Skin disease usually associated with systemic
disorders such as chronic renal failure, diabetes mellitus, hepatic
abnormalities, and congestive heart failure. Characterized by widespread
development of large papules with central keratin plugs. Intense itching is
often present. Skin lesions are present for 4 months to 4 years, but most
often respond to the treatment of the underlying cause. Other features
include coagulation disorders, albuminemia, elevated serum creatinine, and
polyuria. Onset age is approximately 30 years.
Rare, except in the setting of diabetes mellitus, chronic renal failure, or hepatic anomalies
of metabolism. The most commonly affected patients are diabetics undergoing
hemodiolysis for chronic renal failure.
Most likely not a genetic disorder in most
instances, but some reports suggest an autosomal dominant transmission.
Most often associated with systemic disorders such as diabetes mellitus,
hepatic abnormalities (alcoholic cirrhosis), congestive heart failure, and
Not clearly established. Characterized by multiple
hyperkeratotic papules with penetration of a keratotic plug into the dermis,
resulting in transepidermal elimination
of keratin, cellular material, and connective tissue elements triggered by an inflammatory
initiating step may be an alteration of dermal connective tissue, which then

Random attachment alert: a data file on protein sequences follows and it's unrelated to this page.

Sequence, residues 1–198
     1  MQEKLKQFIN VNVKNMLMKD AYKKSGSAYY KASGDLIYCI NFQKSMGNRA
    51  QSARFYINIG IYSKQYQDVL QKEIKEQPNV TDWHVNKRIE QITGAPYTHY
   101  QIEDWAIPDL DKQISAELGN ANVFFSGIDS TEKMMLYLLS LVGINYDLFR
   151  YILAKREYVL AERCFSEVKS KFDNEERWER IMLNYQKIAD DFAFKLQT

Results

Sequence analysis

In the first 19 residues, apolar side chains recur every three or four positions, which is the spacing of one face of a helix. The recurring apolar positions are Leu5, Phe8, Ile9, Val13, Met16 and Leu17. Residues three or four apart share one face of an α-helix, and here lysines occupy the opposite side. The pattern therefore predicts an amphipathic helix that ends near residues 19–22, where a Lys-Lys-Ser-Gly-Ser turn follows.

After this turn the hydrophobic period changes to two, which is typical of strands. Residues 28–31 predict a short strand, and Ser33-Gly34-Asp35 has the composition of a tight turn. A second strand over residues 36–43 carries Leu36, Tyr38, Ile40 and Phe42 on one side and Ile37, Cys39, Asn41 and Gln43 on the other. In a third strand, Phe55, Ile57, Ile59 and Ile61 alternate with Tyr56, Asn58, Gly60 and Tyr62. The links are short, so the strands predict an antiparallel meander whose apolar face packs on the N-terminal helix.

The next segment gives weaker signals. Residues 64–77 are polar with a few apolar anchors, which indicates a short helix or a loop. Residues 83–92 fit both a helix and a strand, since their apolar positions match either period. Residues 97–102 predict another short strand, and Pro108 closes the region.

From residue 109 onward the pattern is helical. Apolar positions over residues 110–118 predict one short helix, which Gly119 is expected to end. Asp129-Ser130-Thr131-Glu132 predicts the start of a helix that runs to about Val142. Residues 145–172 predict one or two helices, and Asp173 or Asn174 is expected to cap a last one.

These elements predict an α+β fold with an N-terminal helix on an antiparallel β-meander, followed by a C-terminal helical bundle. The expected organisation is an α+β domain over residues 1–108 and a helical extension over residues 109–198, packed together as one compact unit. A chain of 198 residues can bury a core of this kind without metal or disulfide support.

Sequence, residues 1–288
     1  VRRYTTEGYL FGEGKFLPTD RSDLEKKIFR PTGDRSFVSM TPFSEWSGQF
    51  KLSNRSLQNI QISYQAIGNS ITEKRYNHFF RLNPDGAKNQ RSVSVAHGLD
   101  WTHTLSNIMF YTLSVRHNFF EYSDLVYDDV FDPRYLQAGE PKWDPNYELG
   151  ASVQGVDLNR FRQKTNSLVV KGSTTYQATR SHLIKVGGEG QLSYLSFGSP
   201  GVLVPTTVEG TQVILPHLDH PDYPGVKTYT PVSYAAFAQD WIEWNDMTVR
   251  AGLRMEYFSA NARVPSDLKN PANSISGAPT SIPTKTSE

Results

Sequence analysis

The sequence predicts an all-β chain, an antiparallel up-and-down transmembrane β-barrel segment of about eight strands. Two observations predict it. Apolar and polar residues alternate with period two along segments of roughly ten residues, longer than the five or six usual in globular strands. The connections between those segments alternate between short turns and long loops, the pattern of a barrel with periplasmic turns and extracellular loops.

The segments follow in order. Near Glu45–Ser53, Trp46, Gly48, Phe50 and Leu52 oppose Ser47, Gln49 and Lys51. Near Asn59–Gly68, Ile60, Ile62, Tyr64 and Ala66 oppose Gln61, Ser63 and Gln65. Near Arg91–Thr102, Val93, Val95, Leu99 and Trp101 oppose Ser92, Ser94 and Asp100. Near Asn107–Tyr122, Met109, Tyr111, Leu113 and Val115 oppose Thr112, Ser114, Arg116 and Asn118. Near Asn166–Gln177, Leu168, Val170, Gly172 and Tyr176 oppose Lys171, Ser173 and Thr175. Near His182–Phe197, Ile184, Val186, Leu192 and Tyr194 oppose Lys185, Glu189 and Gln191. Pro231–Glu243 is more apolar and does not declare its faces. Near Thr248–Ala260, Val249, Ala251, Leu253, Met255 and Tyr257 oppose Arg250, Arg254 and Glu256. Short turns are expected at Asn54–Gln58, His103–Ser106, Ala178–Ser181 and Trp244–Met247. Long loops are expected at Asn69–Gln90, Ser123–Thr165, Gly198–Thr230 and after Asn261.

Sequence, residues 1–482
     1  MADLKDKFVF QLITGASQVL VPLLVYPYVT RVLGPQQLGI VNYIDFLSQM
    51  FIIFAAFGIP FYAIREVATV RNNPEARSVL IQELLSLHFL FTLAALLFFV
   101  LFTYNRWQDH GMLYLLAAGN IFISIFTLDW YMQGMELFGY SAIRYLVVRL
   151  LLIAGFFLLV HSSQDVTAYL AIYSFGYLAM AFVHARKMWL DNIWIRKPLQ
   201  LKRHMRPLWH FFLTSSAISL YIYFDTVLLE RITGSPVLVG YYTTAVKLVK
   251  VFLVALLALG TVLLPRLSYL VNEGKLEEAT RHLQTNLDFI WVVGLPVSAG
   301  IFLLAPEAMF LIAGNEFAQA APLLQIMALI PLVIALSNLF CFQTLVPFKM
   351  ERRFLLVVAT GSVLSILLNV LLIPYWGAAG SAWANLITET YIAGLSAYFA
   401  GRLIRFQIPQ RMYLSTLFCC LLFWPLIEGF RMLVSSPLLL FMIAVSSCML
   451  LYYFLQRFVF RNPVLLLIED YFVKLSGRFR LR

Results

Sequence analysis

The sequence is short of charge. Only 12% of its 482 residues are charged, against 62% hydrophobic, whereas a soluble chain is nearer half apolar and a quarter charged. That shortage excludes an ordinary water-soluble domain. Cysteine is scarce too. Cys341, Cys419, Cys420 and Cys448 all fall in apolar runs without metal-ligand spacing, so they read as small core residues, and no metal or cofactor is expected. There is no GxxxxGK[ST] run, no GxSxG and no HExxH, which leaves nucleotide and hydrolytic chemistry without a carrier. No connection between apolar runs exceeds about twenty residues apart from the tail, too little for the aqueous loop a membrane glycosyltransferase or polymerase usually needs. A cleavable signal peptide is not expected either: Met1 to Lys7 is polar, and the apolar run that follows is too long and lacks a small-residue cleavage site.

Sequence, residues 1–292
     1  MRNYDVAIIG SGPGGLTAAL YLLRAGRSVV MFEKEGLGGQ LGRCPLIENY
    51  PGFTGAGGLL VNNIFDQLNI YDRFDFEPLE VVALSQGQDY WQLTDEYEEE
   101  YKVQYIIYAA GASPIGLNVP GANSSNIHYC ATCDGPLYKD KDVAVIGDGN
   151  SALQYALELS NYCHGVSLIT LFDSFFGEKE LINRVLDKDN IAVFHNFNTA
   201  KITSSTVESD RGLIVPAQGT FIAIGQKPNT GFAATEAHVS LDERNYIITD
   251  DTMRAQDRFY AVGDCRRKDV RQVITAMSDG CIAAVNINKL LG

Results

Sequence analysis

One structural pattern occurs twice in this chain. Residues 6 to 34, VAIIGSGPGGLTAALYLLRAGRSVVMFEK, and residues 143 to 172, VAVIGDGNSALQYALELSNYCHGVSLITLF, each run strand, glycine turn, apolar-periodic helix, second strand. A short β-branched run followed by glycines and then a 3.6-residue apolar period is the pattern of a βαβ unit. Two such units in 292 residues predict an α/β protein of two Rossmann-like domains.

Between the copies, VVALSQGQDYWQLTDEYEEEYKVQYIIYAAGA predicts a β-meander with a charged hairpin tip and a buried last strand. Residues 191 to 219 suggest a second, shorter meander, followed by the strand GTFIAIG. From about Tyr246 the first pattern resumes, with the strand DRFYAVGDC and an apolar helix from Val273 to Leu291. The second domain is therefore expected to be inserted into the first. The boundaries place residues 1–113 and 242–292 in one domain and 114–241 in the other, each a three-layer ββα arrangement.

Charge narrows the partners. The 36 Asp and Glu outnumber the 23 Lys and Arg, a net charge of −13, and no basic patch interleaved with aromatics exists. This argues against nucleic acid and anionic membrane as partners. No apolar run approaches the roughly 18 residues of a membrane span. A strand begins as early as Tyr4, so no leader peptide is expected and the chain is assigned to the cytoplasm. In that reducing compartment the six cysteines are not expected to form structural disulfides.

is recognized and eliminated by proliferative epidermis.
Histopathologic examination shows a central, thick hyperkeratotic and parakeratotic
plug embedded in an epidermal invagination. The plug consists of basophilic material.
Abnormal (parakeratotic) keratinization of all the epithelial cells,
including the basal cells, is present in at least one deep region of the
The average age at presentation is 30 years,
however, childhood cases have also been described.
Flesh-colored, hard, horny papules may develop anywhere on the body except
for palms and soles.
Most commonly the extensor surfaces of the extremities are affected.
Rarely, it may also involve the mucous membranes (conjunctivae, buccal mucosa).
The papules eventually acquire a
central keratotic plug that, upon removal, leaves a crater that matches the
shape of the plug (Kyrle sign). The lesions come in crops, last for several
weeks, and eventually disappear with minimal or no scarring. The lesions are
asymptomatic. Posterior subcapsular cataracts may occur, as may multiple,
tiny, yellow-brown stromal corneal opacities.
Hepatic functions must be evaluated
for coagulation disorders and hypoalbuminemia. Glucose
homeostasis should be established prior to anesthesia. Creatinine level and
clearance must be assessed.
A complete blood count is recommended (renal anemia).
In presence of severe itching, skin infections
should be ruled out.
Difficult venous access
should be expected
because of the skin
condition. In presence of congestive heart failure, chronic renal failure,
and/or hepatic dysfunction, all considerations specific to these
underlying conditions apply (rather than to Kyrle disease itself).
Renal and/or hepatic insufficiency should be kept in mind when selecting drugs.
Hypoalbuminemia may alter protein-binding characteristics of drugs and reduced
drug doses may be required.
Alyahya GA, Heegaard S, Prause JU: Ocular changes in a case of Kyrle's
disease: 20-year follow-up. ...